The Great Toilet Paper-mageddon

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March 17, 2020

As you are all stuck in the house with your rolls and piles of toilet paper from Costco, Sams, or your favorite doomsday store of choice, we thought it would be a good idea to share some information with you about your plumbing and the 'TP'

Toilet paper has all of the sudden become some sort of currency during a virus infestation that doesn't even cause the #2!

Well when we were kids we used to have an abundance of the pillowy poop cleaner.  So much so that we would throw it on the trees of our enemies homes, but now we would charge that same enemy triple for just one roll if he needed it!

But lets go back in time {one month ago} when we just used the toilet paper all willy-nilly not even thinking of a time where it would be scarce to us.  I mean, most of the time we don’t think twice about flushing toilet paper after its use, but we try to optimize our useness of TP to its most efficient.

Did you know other countries throughout the world have to throw their toilet paper away instead of flushing?  Their plumbing systems just can't handle it. What a luxury we have in America!

Even in the United States, especially in Fayetteville, flushing toilet paper can sometimes create problems. If you use the wrong type of toilet paper too many times, you might find yourself with a broken toilet or a flooded bathroom. Here’s what you should know about toilet paper and your plumbing:

Choose Toilet Paper That Dissolves

As your searching all over Fayetteville for some TP, if you happen to find some be hopeful that it might be the softest, most comfortable, or maybe the cheapest, or maybe just available!!  But do you ever consider how the toilet paper dissolves in your plumbing?

Ideally, the toilet paper you choose should quickly dissolve. If it doesn’t, your toilet paper can build up in your pipes and clog your plumbing. This is especially true if you own a low-flow toilet. While these toilets save water, they provide less pressure to push the toilet paper down the pipes.

So which type of toilet paper is the most dissolvable? Typically, one-ply toilet paper is considered the least thick. One-ply means that there is just one layer of paper. But just because one-ply toilet paper is thin doesn’t necessarily mean that it’s the most dissolvable.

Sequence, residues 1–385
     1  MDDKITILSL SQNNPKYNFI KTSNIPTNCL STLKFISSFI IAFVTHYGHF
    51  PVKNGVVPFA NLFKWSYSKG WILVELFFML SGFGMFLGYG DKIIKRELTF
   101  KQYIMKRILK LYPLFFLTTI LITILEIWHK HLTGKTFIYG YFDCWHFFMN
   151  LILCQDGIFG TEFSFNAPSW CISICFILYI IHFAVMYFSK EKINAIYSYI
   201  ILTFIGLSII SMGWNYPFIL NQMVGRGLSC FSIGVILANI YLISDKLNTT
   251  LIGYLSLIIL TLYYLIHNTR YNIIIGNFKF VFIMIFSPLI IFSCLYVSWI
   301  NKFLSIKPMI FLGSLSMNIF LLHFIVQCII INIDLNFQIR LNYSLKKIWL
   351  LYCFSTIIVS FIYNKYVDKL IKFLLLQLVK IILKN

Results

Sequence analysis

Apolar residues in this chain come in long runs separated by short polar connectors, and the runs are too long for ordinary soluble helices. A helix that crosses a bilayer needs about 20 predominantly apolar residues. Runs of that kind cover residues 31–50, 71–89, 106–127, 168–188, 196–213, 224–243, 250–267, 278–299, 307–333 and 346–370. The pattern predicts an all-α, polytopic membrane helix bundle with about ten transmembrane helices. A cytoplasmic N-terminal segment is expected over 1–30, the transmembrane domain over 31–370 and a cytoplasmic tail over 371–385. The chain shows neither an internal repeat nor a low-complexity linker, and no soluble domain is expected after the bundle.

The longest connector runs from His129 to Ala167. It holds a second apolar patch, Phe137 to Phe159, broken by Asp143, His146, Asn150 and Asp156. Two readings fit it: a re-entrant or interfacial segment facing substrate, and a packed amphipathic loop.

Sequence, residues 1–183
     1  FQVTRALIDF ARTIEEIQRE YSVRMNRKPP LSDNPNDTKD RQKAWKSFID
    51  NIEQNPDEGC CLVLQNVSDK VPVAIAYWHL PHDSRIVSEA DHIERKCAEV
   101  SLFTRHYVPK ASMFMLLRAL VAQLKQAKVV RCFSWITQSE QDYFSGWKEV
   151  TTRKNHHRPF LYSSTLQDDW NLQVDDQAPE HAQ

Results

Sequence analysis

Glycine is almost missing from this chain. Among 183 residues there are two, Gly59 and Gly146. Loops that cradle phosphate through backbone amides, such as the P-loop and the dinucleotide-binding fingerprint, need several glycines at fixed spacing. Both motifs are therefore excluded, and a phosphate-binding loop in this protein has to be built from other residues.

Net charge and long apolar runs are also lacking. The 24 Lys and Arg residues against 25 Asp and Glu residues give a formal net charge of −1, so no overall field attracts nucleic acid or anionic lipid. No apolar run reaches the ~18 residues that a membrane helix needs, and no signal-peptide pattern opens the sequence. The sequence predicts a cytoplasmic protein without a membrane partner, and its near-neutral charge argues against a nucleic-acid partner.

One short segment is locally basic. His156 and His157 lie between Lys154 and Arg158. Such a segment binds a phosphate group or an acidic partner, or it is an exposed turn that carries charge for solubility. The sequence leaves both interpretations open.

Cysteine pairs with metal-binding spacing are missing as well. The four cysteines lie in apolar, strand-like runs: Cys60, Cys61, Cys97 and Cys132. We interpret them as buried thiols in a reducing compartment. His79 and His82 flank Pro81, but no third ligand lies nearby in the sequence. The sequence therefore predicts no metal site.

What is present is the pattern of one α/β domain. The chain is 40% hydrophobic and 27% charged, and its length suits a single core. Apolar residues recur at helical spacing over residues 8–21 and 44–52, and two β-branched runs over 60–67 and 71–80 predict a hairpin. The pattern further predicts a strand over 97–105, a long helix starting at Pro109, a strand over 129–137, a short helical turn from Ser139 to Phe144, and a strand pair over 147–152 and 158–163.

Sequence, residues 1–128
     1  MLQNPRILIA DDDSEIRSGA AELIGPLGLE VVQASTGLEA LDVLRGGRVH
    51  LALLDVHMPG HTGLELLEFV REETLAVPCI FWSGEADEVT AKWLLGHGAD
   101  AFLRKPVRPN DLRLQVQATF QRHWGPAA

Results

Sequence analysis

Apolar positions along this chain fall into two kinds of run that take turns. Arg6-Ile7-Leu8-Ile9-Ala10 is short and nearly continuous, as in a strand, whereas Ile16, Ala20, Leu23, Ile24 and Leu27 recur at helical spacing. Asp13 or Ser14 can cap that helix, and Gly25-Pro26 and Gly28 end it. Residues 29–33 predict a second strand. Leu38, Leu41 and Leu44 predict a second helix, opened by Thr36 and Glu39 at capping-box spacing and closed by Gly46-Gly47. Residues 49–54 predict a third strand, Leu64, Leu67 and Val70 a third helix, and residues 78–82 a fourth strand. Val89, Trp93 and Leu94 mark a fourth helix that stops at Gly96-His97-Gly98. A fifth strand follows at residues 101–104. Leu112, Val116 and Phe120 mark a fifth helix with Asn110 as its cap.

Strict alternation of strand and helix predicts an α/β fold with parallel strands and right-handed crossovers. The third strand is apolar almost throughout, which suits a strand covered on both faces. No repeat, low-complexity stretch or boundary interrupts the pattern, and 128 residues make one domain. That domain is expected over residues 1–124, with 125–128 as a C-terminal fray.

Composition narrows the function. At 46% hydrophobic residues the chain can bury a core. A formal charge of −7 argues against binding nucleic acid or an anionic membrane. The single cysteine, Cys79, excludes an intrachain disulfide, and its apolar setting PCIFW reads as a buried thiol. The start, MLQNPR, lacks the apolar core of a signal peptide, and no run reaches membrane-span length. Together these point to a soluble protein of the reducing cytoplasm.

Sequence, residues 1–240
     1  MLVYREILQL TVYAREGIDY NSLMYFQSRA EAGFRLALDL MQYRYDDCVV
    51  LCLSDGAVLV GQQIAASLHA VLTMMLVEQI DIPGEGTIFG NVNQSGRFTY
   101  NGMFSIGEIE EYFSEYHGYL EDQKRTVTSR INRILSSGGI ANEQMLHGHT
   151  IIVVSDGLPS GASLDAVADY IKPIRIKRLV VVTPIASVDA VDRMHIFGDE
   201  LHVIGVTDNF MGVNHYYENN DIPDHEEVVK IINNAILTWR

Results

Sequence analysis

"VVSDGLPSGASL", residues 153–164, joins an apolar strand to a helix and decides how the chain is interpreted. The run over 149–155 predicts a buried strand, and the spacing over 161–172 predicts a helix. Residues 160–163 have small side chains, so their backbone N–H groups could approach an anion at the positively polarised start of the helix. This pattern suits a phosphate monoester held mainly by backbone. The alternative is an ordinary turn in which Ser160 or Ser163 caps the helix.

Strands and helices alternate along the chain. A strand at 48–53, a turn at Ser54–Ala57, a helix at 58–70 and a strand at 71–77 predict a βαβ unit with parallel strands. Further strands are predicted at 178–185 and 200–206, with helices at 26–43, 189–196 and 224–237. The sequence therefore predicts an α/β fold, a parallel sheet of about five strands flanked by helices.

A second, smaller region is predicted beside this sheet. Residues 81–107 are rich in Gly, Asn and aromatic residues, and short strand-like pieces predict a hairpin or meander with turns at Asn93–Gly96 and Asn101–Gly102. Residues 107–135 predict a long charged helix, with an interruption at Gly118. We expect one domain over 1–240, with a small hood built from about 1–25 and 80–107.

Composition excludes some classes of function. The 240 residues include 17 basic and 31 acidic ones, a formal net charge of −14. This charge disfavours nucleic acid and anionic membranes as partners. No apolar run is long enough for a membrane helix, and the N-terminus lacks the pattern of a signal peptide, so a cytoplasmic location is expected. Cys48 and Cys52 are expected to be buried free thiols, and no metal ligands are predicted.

Good Housekeeping tested 22 types of toilet paper to determine the highest-quality toilet paper. Some of the most dissolvable brands (that were also rated as soft, strong, and absorbent) included:

  • Scott 1000 (one-ply)
  • Scott Naturals (two-ply)
  • Seventh Generation (two-ply)
  • Target Up & Up (two-ply)
  • WhiteCloud Ultra (three-ply)
To test how dissolvable your toilet paper is, place one piece of toilet paper in a container of water. Leave it alone for 30 seconds, and then stir it gently. Ideally, the toilet paper should immediately begin to break into shreds. If it doesn’t, you may want to choose a different toilet paper brand.

Another way to test your toilet paper is to simply drop a sheet of toilet paper into your toilet. If it is still fully intact a few minutes later, it’s probably not dissolvable enough.
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Don’t Flush Anything Else

Toilet paper is the only thing you can safely flush. If you use flushable wipes instead of toilet paper, you might want to think again. Even though they’re called “flushable,” these cleanly wipes take much longer to break down than toilet paper does. Because they are so thick, they can easily get stuck in your plumbing.

Also, remember not to flush any of the following down your toilet:

  • Diapers
  • Feminine hygiene products
  • Cotton balls
  • Tissue
  • Paper towels
  • Wrappers
  • Medications

When you flush anything other than toilet paper, it clogs your pipes and prevents water and waste from flowing through.

Got a Clog?

If your toilet gets clogged, don’t flush. Flushing could cause your toilet to flood.

Instead, call the experienced plumbers at
Flow-Rite Plumbing and Drain Service
. Our plumbers use a drain snake to unclog your toilet. The drain snake is a wire coil with a corkscrew tip. Our plumbers move the snake down the pipes until they find the clog. Then, they use the tip of the snake to break up the clog or pull out the debris.

For more severe clogs, your plumber may need to examine the sewer line to find the source of the clog.

Follow these tips to avoid toilet paper clogs and other types of clogs. That is if you can find toilet paper around town anywhere!!
If you do notice a clog, Call Flow-Rite Plumbing >>